A Wausau woman will spend the next five years in prison, for allowing her her live-in boyfriend to rape her 9 year-old daughter last fall. Judge Greg Huber sentenced the 32 year-old woman to also serve five years on extended supervision. She cannot have contact with her daughter or two young sons unless approved by social workers. “Your daughter had the right to expect that her mother was going to be there to protect her and you were not” Huber said. “And it was intentional refusal of you to acknowledge what the facts were.” The woman must register as a sex offender. Her name is not being publicly released because the daughter is a rape victim.
The woman denied that she found Bryan Hearron lying in bed with the girl, defense attorney Paul Goetz said. The mother told police she knew it was wrong for Hearron to have sexual contact with the girl but did not report because she needed Hearron for financial support. “You basically fed her to the wolves,” Huber said. Hearron is charged with raping the girl. He claimed he was criminally insane at the time and is being evaluated to see whether he can use an insanity plea at trial. “I was in the wrong for not protecting my child,” the woman said before she was sentenced. She wept throughout the hour long sentencing hearing. “I am truly remorseful and I cry every day for her.”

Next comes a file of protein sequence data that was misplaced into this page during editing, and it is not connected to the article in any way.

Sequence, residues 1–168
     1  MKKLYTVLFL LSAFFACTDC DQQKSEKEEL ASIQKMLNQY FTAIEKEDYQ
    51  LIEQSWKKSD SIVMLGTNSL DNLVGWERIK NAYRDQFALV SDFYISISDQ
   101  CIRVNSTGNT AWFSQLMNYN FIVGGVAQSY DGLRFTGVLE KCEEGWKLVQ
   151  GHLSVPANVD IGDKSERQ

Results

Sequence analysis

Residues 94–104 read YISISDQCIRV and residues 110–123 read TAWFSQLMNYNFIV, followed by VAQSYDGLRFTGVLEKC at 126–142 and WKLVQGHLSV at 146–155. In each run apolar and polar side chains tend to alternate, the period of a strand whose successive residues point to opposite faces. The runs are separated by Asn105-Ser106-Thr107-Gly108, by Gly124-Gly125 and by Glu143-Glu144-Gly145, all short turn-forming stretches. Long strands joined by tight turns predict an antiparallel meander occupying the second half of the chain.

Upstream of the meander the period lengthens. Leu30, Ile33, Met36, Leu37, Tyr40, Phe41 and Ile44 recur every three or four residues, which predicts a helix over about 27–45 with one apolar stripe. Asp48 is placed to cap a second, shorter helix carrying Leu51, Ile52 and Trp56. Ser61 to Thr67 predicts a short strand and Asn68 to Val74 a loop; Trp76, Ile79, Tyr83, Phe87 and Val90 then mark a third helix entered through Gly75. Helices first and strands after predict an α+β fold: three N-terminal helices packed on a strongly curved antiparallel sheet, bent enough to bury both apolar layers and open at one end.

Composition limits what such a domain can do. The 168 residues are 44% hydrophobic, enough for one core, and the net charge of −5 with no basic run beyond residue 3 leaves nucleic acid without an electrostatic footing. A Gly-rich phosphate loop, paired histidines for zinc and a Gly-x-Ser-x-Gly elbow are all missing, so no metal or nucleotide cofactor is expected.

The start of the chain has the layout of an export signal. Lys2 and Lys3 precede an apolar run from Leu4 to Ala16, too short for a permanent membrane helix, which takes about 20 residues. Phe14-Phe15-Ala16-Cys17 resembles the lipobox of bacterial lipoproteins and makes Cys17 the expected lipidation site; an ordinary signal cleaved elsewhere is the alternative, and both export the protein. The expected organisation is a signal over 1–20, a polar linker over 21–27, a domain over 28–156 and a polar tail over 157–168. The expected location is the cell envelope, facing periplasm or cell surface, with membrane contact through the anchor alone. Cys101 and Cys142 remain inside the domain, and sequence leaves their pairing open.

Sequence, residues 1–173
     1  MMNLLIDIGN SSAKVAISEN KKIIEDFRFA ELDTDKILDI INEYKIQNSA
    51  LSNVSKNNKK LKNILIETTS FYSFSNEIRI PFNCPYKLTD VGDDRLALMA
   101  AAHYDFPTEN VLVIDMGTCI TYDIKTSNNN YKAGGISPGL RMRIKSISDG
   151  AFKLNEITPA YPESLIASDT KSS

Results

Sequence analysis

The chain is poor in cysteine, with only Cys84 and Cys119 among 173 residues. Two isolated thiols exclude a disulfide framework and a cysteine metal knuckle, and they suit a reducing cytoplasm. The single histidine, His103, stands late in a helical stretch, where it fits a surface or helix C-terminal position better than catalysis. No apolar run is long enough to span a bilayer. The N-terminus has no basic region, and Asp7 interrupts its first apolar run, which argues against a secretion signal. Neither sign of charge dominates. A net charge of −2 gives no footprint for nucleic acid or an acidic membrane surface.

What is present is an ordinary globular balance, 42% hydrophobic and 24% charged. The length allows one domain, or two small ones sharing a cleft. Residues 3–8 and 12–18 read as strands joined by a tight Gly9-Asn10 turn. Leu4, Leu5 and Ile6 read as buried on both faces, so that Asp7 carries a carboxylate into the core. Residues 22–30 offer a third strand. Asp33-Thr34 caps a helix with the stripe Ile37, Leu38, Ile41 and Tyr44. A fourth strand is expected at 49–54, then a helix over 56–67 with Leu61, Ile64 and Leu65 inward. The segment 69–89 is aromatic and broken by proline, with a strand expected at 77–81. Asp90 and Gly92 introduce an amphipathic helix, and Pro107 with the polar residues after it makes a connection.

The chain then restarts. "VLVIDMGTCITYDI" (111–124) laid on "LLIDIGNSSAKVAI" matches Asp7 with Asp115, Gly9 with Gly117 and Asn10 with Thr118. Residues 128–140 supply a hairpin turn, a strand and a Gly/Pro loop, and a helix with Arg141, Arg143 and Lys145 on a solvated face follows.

Prosecutors said the woman had several chances to report the sexual assault and remove her children from a house that did not have electricity and was full of animal feces. The mother also let Clyde McCollum Junior, a sex offender previously convicted of assaulting a young girl, move into the house. He claimed he was in love with the girl and bragged that the two planned to run away, get married and live on a farm. “She does nothing to protect this child,” deputy district attorney Theresa Wetzsteon said. “Her priority has never been her children.” McCollum is charged with 75 counts of possessing child pornography. He will enter a plea and be sentenced May 27th.
The victim is living with other family members and suffers from nightmares and flashbacks, ADA Wetzsteon said. The girl is quiet and withdrawn and cannot trust adults. “Every parental figure the child has had in her life has failed her,” Wetzsteon said. “The child’s mother has failed her.”